One of the key features of Ansible is its ability to group servers in the inventory file. Grouping servers allows you to perform specific tasks on specific servers. For example, you can group servers based on their function, such as web servers, database servers, or application servers. This enables you to run playbooks on specific groups of servers, rather than on all servers in the inventory.

πŸ“ Ansible Playbook:

An Ansible playbook is a set of instructions or tasks that can be executed on one or more servers. It is similar to a shell script file, but with additional capabilities that make it more powerful and flexible. Playbooks are written in YAML format, which is easy to read and understand.

Let's take an example of installing and starting the NGINX server on a target server. We can write a playbook to perform this task as follows:

---
- name: Install and Start NGINX Server
  hosts: all
  become: true

  tasks: 
    - name: Install nginx
      apt:
        name: nginx
        state: present

    - name: Start nginx
      service:
        name: nginx
        state: started

Here, we have defined a playbook that installs the NGINX server on all hosts in the inventory file and starts the NGINX service. The hosts parameter specifies the group of servers on which the playbook will be executed. The become parameter specifies that the following commands will be executed as the root user.

πŸ“’ To run this playbook,

we can use the following command:

ansible-playbook -i inventory-file first-playbook.yml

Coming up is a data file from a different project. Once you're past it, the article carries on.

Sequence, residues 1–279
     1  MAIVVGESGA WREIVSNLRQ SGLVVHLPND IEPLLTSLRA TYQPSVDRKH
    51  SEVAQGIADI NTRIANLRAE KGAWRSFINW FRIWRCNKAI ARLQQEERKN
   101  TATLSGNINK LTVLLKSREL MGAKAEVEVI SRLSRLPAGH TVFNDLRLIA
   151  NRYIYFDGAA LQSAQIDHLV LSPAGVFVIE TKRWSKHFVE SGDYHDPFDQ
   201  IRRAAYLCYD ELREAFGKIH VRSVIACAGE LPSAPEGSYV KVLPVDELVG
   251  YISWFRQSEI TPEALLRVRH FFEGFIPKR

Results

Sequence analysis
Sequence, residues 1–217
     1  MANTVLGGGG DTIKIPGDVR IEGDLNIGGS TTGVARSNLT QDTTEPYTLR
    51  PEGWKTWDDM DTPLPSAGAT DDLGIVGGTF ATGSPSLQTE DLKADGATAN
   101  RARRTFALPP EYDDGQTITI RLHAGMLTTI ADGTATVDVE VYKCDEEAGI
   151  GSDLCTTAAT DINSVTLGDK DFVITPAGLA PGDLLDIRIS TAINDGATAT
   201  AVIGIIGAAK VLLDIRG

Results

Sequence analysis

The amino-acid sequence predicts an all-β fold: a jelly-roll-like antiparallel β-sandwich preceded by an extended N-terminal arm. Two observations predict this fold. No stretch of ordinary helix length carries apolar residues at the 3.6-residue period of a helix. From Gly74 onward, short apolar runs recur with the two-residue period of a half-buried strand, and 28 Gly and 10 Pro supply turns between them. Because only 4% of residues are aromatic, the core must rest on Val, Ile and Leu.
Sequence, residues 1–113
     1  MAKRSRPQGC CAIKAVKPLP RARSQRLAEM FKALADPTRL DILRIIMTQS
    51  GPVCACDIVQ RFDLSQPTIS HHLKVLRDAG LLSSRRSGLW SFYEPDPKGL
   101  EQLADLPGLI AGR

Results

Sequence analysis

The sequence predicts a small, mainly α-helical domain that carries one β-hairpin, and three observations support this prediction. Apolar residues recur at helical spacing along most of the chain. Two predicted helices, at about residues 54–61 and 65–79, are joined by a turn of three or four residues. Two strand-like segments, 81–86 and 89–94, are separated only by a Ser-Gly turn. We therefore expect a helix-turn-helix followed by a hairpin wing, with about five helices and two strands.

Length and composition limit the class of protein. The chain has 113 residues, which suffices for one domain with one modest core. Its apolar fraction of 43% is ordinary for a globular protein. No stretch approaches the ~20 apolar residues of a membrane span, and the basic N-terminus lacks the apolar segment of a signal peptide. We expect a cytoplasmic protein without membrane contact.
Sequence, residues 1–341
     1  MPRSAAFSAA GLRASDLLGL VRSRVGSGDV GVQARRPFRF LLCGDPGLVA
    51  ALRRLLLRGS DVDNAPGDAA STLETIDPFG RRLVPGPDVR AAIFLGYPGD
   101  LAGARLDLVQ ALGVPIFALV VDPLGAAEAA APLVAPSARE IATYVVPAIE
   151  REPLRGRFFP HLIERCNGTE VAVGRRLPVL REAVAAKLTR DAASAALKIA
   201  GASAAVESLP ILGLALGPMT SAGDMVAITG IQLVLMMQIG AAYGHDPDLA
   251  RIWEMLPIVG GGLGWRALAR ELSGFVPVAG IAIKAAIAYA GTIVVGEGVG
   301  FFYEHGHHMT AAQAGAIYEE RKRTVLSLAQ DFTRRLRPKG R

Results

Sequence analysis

In case you want to debug and understand the commands running using the playbook, you can use the Verbosity (-v, -vv, or -vvv) option with the ansible-playbook command. For example:

ansible-playbook -vvv -i inventory-file first-playbook.yml

One of the real-time examples of using Ansible in DevOps is the configuration of Kubernetes cluster. You can use Ansible to configure a Kubernetes master node and worker nodes. You can also create Ansible roles, which is an efficient way of writing Ansible playbooks. It provides readability, reduces the chance of making mistakes, and helps to manage secrets and multiple Ansible tasks easily.

πŸ“’To create an Ansible role,

you can use the following command:

ansible-galaxy role init kubernetes

This will create a Kubernetes folder with all the necessary Ansible role files

πŸ“ Conclusion:

I hope this post helps you to understand the basics of Ansible and how it can be used in DevOps. Please refer to the documentation to get the latest and updated commands and instructions. Let me know your thoughts in the comments. Ansible is a powerful and flexible automation tool that can help IT teams automate repetitive tasks, reduce the time and effort required for managing infrastructure, and achieve DevOps goals. By grouping servers in the inventory file, you can perform specific tasks on specific servers. Playbooks are used to write a set of multiple commands to perform on the server. Ansible roles provide an efficient way of writing Ansible playbooks and help manage secrets and multiple Ansible tasks easily.

πŸ“ Resources:

YT Video: https://youtu.be/Z6T2r3Xhk5k?list=PLdpzxOOAlwvIKMhk8WhzN1pYoJ1YU8Csa

I invite you to check my portfolio in case you are interested in contacting me for a project!. Prasad Suman Mohan

πŸ”΅ Don't forget to follow me also on LinkedIn: https://www.linkedin.com/in/prasad-suman-mohan/